Thursday, October 2, 2008
The Sept. 23 editorial about Nestle’s Poland Spring Maine operations was completely correct in its assessment that Nestle is not a perfect company. Unfortunately, the editorial misjudged the severity of Nestle’s errors, brushing aside the company’s imperfections to favor a few token jobs and economic “development” that only furthers an economic trend of sending millions of dollars out of state at the expense of Maine’s natural and human communities.
I grew up in Michigan and watched Nestle walk over Mecosta County to get access to that area’s precious water resources. The rural community feels powerless.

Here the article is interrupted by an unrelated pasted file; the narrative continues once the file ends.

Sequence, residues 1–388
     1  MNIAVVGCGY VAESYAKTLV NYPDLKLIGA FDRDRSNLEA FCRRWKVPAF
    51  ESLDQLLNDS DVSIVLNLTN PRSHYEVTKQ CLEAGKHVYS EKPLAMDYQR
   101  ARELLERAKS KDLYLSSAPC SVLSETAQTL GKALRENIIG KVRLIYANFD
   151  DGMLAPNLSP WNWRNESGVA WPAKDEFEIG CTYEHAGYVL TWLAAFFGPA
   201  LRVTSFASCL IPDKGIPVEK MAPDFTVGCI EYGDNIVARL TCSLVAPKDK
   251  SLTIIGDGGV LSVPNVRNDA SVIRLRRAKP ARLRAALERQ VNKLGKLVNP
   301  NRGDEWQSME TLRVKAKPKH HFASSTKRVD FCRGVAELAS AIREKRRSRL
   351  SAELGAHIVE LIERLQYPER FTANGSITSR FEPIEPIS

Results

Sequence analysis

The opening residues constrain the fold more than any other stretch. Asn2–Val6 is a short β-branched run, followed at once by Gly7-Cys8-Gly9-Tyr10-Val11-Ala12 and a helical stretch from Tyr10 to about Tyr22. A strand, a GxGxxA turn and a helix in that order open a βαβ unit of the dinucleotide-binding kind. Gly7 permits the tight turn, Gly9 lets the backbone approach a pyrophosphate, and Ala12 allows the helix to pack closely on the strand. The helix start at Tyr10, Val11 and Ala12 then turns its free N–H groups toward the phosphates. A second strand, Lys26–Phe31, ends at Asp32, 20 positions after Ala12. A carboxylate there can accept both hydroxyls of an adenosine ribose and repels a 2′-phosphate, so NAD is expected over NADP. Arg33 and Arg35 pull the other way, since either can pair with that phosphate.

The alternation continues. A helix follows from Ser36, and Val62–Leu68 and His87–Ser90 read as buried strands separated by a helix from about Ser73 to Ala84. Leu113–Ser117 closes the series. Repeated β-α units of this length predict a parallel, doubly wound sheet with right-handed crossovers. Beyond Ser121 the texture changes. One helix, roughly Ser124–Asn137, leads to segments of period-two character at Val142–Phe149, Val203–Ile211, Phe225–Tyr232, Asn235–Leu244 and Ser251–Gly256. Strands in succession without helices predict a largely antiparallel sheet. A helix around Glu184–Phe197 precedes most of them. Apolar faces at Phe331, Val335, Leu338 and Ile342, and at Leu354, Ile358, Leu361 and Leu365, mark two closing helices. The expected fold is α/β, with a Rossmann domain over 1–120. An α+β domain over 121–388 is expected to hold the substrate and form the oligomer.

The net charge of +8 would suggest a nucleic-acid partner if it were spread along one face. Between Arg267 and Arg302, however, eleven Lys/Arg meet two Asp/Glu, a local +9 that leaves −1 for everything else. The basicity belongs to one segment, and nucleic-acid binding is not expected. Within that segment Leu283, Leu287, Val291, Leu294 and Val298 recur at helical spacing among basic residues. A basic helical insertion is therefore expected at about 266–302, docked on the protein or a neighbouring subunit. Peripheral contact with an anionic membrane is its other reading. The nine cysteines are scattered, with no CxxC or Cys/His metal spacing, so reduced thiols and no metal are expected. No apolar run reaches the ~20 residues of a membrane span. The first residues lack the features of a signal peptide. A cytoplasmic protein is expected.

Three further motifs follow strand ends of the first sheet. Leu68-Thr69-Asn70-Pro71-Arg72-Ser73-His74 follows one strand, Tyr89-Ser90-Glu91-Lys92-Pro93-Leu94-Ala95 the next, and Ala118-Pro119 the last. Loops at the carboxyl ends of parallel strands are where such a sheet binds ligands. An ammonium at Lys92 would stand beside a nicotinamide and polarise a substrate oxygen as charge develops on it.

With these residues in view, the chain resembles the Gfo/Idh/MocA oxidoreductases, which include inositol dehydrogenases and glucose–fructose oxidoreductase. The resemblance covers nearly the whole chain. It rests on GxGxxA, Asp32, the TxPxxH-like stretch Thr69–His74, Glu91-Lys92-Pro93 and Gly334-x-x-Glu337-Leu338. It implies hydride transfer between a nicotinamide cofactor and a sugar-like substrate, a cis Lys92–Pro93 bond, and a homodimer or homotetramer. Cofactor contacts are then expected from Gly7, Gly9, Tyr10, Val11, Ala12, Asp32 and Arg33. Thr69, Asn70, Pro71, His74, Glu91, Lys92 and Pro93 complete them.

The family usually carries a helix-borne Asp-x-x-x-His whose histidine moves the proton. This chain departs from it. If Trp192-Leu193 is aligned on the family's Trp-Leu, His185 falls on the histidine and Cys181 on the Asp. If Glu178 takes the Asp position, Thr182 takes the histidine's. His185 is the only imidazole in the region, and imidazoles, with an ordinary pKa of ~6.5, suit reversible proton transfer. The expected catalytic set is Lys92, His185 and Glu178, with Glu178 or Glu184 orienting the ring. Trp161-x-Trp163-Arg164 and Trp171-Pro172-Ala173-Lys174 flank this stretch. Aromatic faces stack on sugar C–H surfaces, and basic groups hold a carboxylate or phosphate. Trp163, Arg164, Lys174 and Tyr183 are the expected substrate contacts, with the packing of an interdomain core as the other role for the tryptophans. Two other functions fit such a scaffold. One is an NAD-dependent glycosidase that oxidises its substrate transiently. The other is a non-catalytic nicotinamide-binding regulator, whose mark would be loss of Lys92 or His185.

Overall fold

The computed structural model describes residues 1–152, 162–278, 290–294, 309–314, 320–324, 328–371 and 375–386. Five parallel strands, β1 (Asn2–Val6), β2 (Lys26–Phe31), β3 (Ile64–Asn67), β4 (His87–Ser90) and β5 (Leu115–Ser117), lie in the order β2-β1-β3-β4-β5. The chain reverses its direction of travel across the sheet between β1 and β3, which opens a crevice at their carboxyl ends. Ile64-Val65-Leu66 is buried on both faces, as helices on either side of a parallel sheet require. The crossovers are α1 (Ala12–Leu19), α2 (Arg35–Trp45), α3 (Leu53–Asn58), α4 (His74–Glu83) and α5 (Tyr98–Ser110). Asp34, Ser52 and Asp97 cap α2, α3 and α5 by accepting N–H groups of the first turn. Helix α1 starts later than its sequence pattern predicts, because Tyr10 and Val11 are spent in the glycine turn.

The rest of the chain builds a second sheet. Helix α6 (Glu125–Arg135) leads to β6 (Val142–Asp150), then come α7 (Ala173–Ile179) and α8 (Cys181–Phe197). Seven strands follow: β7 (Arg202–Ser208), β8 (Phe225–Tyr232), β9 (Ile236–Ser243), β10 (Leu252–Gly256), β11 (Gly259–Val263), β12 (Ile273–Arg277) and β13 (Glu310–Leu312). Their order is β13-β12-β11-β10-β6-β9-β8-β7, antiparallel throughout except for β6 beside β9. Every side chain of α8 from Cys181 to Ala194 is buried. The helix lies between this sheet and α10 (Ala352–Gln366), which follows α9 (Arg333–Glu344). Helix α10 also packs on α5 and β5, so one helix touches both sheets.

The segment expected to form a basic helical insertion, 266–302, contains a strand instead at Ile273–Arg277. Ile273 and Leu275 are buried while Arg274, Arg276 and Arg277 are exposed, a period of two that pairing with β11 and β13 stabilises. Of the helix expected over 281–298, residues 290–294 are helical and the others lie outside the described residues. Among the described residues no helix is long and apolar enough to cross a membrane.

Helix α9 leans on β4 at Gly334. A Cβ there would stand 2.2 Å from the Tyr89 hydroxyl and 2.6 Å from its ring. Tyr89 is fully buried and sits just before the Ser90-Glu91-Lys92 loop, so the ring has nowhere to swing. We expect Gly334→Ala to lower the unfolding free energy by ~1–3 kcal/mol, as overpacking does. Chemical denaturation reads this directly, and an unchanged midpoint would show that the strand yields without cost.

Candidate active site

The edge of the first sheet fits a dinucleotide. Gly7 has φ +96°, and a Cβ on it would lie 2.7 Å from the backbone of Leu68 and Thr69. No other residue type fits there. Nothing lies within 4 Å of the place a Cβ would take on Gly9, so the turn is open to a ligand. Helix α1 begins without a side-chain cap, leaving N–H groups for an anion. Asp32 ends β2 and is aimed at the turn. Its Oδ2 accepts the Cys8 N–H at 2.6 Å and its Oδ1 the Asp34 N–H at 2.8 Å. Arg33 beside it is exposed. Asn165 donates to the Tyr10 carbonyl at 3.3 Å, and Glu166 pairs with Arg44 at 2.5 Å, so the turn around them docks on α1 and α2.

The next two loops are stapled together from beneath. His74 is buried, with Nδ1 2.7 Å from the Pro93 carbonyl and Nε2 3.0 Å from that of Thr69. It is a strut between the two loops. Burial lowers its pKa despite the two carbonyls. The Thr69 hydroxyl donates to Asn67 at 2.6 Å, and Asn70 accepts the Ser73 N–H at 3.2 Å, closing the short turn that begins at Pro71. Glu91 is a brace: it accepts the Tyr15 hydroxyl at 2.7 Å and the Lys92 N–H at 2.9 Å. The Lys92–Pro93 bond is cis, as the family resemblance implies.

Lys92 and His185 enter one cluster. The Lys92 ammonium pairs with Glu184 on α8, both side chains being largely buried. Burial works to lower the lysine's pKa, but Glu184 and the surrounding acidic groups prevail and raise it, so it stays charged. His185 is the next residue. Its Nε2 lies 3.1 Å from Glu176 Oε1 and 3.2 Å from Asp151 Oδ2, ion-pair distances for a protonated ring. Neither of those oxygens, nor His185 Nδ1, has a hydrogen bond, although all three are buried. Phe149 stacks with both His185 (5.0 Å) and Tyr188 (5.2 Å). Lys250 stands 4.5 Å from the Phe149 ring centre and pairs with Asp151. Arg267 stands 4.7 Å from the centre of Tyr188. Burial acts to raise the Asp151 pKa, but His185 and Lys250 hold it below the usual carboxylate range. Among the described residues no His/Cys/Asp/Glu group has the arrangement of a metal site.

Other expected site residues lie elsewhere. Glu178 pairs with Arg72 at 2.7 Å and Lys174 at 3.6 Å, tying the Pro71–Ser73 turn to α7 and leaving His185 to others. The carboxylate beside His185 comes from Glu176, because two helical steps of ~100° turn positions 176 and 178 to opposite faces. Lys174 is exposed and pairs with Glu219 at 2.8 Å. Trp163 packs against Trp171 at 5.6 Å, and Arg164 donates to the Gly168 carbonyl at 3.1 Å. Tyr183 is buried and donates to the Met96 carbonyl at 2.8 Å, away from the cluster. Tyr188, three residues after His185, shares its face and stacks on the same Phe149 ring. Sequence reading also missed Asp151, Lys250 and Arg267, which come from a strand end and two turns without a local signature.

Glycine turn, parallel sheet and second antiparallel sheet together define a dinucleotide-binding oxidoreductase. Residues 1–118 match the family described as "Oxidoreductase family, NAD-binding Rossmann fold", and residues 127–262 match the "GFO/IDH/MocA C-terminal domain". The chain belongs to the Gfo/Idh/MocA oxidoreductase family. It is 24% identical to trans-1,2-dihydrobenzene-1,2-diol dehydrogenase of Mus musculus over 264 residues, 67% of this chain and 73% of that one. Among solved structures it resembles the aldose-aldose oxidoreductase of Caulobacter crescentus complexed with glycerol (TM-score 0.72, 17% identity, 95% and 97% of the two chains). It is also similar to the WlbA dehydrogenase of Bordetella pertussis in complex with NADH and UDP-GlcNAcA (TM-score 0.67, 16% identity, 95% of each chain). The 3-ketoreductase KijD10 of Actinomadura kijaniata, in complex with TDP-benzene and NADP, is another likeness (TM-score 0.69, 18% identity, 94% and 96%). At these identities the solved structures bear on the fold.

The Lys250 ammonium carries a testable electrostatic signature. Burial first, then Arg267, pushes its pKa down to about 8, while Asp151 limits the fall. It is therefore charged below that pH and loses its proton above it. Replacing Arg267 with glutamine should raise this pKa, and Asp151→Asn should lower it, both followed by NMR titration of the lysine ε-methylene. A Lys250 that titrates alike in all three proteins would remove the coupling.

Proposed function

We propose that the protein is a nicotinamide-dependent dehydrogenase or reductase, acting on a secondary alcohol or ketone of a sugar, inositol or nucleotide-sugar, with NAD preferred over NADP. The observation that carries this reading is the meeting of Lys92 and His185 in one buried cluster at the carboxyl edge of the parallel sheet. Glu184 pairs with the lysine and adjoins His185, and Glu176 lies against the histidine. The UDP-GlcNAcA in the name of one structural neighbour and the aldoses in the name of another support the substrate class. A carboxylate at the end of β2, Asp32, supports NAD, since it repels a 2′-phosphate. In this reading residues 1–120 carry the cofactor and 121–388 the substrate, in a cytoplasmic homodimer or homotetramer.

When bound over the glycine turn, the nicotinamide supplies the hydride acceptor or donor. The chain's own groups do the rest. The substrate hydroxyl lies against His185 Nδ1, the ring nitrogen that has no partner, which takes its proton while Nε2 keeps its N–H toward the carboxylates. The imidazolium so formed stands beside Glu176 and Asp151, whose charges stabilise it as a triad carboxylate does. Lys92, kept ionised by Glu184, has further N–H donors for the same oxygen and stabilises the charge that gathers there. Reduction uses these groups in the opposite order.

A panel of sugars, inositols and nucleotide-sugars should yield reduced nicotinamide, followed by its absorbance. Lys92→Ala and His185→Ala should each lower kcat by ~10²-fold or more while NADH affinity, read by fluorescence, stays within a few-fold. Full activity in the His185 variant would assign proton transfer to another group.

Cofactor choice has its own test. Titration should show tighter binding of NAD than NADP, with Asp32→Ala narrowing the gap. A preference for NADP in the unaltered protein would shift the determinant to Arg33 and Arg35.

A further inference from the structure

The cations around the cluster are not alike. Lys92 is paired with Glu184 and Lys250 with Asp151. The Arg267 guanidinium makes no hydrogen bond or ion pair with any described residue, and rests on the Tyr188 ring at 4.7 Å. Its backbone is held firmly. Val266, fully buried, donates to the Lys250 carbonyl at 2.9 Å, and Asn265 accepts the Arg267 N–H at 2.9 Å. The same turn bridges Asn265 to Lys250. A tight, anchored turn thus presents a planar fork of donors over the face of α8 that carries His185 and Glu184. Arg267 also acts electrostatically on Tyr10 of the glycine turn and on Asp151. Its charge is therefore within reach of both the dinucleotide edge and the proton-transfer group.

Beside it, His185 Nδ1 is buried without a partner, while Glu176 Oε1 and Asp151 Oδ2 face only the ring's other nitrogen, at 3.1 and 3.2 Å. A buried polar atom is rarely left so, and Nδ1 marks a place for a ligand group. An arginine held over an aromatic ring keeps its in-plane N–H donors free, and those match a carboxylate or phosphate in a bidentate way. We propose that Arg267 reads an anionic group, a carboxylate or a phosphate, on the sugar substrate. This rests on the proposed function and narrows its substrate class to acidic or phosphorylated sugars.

Perhaps in this day, when billions of tax dollars are being proposed to bail out a potential economic collapse caused by multinational banks’ reckless behavior, Mainers feel it is necessary to criticize multinationals’ management and economic practices. That should hardly be considered rhetoric, but an honest assessment of how these institutions impact the communities where they operate.
All over the world, Nestle values profit over the people or the environment where they work. Fryeburg’s story exemplifies this reality, where the town has repeatedly denied permission to build a new loading dock for three years. Nestle continues to sue the town and its people’s decisions.
This is hardly how a good neighbor acts, not here in Maine.
Emily Posner, Montville